Avoid the temptation of just throwing your grub into the cooler with some ice. With a little planning and some thoughtful organization, you’ll have a cooler that’s tidy, fresh and icy cold.
Block ice is better
In general, block ice is better for a cooler than cubed ice because it lasts longer, but do bring along some cubed ice, too, for cooling drinks. Double-bag the cubes so you don’t have to worry about any dairy or meat juices seeping into it.
When packing the cooler, remove the cardboard layer of any food packaging. It tends to get soggy and fall apart, leaving an unpleasant mess.
Leave the shells behind
To save space in your cooler, you can crack and gently mix your eggs at home, and then use a funnel to pour them into a water bottle or other leakproof container. They’ll store safely for a couple of days once out of their shells. When you’re ready to cook, just give them a gentle shake and pour them into the skillet. If you prefer to bring whole eggs, use a Coleman egg container to safely store them in your cooler. It’s also handy for transporting hard-boiled eggs.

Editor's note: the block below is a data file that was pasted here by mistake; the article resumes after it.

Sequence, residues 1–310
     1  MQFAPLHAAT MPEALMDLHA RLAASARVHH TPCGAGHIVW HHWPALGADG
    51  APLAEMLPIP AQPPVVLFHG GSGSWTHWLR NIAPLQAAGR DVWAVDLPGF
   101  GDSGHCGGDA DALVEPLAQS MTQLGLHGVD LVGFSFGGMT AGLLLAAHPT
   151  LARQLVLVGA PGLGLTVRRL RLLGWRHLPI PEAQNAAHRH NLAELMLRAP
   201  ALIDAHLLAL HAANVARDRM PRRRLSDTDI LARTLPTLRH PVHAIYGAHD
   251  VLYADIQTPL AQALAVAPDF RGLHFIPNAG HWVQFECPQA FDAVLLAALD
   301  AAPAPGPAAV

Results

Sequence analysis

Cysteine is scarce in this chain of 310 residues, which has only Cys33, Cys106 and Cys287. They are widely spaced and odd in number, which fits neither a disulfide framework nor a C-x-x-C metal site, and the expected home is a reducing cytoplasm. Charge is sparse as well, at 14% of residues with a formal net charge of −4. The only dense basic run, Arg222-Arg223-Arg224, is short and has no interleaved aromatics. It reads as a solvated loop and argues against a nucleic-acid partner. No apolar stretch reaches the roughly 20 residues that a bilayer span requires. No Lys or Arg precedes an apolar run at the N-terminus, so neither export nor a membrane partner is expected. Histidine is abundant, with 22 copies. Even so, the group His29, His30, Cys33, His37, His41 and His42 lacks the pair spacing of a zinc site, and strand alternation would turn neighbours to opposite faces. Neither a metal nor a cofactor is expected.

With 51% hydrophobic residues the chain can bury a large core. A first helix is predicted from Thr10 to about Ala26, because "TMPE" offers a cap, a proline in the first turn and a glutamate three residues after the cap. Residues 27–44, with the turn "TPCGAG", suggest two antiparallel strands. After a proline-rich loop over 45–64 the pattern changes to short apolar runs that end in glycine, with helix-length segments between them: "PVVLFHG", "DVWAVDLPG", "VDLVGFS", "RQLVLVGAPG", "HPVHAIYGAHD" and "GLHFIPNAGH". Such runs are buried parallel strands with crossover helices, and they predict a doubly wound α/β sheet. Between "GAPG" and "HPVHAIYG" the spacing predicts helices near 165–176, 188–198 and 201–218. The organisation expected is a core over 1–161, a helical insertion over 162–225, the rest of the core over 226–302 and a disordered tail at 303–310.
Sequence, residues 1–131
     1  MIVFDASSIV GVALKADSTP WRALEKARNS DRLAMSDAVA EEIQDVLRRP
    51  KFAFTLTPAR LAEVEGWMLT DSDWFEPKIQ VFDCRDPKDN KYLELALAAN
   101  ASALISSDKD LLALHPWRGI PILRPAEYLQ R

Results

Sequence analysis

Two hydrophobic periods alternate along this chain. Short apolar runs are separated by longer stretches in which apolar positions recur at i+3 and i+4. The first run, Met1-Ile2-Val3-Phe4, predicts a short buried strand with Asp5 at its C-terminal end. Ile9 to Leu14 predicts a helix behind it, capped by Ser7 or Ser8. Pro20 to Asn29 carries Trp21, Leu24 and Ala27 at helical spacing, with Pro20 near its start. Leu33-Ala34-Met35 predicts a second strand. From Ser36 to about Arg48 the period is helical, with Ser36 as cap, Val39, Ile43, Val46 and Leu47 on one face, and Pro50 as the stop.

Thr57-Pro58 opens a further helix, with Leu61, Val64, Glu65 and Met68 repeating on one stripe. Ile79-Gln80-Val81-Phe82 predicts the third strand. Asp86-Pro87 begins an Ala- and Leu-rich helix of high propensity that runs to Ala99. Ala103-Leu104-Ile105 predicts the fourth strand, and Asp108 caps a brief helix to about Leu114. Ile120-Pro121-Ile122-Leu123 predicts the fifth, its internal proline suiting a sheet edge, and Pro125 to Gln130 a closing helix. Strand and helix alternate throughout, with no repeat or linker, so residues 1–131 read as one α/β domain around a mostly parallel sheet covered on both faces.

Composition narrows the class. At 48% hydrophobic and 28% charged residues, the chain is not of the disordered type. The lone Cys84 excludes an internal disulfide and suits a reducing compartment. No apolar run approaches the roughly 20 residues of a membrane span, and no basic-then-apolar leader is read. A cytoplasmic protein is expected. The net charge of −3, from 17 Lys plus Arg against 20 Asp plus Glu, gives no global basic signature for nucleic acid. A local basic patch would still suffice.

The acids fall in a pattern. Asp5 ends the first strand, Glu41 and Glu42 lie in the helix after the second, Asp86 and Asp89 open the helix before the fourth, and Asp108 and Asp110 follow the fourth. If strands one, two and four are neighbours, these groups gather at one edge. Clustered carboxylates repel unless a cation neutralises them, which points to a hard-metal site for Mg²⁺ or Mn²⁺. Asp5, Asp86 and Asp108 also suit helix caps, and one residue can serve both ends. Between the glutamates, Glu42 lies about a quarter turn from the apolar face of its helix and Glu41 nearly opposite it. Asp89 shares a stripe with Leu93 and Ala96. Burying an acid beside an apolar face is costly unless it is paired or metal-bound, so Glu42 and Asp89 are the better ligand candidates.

Paper cartons of milk, half-and-half and cream have a way of leaking in the cooler, especially when they’re submerged in water from the melting ice. Keep things tidier by buying your dairy in plastic or glass, leakproof containers.
Always double-bag meat, cheese and seafood to keep them from contaminating the ice and other foods. Keep them well-sealed for a fresh-smelling cooler.
Take advantage of the local stream
If there’s a nearby stream that’s not too busy with humans, tuck a bottle of rosé or white wine into a calm eddy. Bringing it to the table—perfectly chilled and dripping with cold water—shows true camper’s panache.
Although it’s smart to freeze anything you can before packing your cooler, this definitely does not apply to any carbonated drinks like beer. Consider yourself warned.